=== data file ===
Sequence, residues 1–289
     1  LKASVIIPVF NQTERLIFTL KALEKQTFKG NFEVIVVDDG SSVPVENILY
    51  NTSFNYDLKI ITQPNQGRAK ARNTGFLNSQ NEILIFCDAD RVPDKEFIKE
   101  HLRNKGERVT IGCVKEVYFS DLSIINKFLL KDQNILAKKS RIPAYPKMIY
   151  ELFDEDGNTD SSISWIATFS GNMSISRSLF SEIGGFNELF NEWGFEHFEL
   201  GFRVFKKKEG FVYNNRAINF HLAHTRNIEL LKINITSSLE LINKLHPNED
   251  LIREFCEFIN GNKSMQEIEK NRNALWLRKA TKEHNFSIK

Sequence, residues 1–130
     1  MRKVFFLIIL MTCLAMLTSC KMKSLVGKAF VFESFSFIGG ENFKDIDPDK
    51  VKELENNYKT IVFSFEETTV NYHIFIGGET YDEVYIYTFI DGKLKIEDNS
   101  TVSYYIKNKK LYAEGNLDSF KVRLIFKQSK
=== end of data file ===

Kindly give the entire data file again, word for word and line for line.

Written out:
Sequence, residues 1–289
     1  LKASVIIPVF NQTERLIFTL KALEKQTFKG NFEVIVVDDG SSVPVENILY
    51  NTSFNYDLKI ITQPNQGRAK ARNTGFLNSQ NEILIFCDAD RVPDKEFIKE
   101  HLRNKGERVT IGCVKEVYFS DLSIINKFLL KDQNILAKKS RIPAYPKMIY
   151  ELFDEDGNTD SSISWIATFS GNMSISRSLF SEIGGFNELF NEWGFEHFEL
   201  GFRVFKKKEG FVYNNRAINF HLAHTRNIEL LKINITSSLE LINKLHPNED
   251  LIREFCEFIN GNKSMQEIEK NRNALWLRKA TKEHNFSIK

Sequence, residues 1–130
     1  MRKVFFLIIL MTCLAMLTSC KMKSLVGKAF VFESFSFIGG ENFKDIDPDK
    51  VKELENNYKT IVFSFEETTV NYHIFIGGET YDEVYIYTFI DGKLKIEDNS
   101  TVSYYIKNKK LYAEGNLDSF KVRLIFKQSK